Hold tuber with both hands over a bowl under a small light stream of running water and use a scrubbing motion (like scrubbing stained clothing); the fine flour releases in seconds. Just most of the water from the bowl and put into a jar. Refrigerate if not using immediately. Use the way you would use flour to which liquid has already been added (like adding powdered milk and/or eggs for example). I suppose you could dry it and then pound it into powder again,…but why?

    The corms, the small, flat swollen part between the tuber and leaves, is great raw and sliced into salads (kind of like water chestnuts), or added to stir-fried dishes.

    In spring, when the young leaves have emerged, grab central leaves (that haven’t completely separated from each other yet) and pull upward to slip them from the center of the plant. Raw, they remind me of cucumber, and lightly cooked, of zuchinni.

    Remove the young, green, unwrapped and undeveloped ‘tails’ at the top of the stem and steam. Butter and eat them like tiny corn on the cob; the taste reminds me of prime asparagus!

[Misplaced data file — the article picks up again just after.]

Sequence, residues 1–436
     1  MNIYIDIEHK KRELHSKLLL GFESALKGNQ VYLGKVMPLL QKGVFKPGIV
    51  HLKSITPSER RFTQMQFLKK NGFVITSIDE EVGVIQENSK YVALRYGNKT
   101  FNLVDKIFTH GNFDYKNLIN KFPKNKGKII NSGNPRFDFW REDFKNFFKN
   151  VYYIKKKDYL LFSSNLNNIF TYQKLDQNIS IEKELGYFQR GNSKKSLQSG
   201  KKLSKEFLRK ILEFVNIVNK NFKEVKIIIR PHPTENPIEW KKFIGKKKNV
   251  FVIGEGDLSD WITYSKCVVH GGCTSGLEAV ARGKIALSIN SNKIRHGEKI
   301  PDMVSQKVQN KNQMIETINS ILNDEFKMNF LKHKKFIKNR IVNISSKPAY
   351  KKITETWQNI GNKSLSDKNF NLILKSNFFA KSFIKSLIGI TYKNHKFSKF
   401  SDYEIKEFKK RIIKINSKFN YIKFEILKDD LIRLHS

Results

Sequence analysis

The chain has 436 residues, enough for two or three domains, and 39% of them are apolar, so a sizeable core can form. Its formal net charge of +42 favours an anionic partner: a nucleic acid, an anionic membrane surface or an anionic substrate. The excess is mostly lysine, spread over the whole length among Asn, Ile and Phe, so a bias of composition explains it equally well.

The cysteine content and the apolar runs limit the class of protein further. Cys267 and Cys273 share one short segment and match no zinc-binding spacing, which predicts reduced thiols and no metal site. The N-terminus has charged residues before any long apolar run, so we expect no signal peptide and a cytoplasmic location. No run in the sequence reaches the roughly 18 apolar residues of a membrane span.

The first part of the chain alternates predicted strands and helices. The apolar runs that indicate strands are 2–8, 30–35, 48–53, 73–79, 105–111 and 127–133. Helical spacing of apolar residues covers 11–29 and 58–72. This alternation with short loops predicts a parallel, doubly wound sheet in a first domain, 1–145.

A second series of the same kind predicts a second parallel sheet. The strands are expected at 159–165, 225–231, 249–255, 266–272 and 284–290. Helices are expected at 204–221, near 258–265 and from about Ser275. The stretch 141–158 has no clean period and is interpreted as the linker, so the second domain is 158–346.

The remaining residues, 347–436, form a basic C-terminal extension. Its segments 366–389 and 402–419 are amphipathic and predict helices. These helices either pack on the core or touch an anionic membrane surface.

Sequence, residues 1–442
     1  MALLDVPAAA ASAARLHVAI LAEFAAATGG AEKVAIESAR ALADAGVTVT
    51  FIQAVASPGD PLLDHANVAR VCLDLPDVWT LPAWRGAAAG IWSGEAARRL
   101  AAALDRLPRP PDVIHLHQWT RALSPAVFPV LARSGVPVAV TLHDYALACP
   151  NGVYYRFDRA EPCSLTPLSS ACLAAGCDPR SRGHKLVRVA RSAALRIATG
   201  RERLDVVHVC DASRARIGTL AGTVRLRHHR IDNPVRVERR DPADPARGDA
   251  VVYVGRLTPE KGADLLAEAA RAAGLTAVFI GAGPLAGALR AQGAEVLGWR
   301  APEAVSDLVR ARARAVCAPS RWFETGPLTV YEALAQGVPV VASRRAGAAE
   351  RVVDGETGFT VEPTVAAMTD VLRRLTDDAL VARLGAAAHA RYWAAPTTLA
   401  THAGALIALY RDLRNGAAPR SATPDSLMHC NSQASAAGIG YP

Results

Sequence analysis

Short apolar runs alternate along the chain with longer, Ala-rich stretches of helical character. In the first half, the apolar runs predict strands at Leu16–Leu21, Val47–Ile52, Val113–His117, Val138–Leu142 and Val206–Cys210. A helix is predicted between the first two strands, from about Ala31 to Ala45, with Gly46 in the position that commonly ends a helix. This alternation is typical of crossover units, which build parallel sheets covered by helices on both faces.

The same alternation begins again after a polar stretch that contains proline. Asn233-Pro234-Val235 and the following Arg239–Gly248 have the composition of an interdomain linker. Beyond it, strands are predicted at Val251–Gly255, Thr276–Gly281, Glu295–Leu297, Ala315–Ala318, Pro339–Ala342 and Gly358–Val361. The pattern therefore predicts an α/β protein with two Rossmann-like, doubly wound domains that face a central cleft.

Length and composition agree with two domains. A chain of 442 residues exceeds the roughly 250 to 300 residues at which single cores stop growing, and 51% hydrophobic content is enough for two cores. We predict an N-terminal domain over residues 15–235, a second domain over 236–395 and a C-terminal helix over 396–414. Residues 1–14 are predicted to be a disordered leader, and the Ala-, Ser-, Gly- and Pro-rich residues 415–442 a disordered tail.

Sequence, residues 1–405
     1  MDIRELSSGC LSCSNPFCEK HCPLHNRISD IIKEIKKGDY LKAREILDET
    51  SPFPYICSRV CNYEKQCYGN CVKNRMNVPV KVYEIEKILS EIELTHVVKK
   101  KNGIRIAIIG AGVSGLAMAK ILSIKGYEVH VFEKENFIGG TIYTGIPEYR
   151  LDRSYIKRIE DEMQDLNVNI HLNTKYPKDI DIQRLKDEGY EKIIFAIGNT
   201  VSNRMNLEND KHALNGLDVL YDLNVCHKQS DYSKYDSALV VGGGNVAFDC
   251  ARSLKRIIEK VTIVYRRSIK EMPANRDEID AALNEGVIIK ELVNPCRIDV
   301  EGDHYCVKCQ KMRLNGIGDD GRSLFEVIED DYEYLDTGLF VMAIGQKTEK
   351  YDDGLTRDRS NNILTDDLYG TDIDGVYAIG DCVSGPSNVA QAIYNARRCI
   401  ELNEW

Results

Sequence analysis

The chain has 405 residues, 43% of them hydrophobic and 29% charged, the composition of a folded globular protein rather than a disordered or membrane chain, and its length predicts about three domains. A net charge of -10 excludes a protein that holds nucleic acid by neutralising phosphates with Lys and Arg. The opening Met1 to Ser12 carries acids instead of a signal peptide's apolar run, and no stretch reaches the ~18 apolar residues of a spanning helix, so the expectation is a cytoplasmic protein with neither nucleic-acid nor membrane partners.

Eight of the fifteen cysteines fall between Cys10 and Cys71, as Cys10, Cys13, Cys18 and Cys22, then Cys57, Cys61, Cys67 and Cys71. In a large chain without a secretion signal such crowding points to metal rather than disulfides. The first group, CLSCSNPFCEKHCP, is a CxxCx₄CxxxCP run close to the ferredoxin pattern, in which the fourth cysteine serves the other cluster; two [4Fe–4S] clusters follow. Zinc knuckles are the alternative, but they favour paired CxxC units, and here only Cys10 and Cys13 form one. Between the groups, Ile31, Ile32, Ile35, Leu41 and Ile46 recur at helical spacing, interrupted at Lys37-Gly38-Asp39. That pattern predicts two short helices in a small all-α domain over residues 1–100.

The natives used the entire plant, and I think they really WERE onto something great! 🙂

    Reply
  • Chaz Mikell May 14, 2014, 12:05 am

    In the early spring we had the largest dewberry (Blackberry) bloom in coastal Mississippi that I have seen in years. Some of my favorite patches looked like a heavy snowfall with all the white blossoms. I waited in great anticipation for the weeks to pass so I could freeze berries, make preserves, and my favorite blackberry cobler. Just as the berries were getting ripe enough to pick we had torenmtial rains for several days. Not only many inches of total rainfall, but huge heavy drops on several occassions. When I went out after the rains ended to pick berries there were more berries on the ground than on the vines. Rain has desimated my wild crop of berries. In two days of picking and searching and a lot of hard work I have barely enough to make one cobbler. By the way, just an observation , but the bowl of berries in the photo look more like mullberries than blackberries for some reason.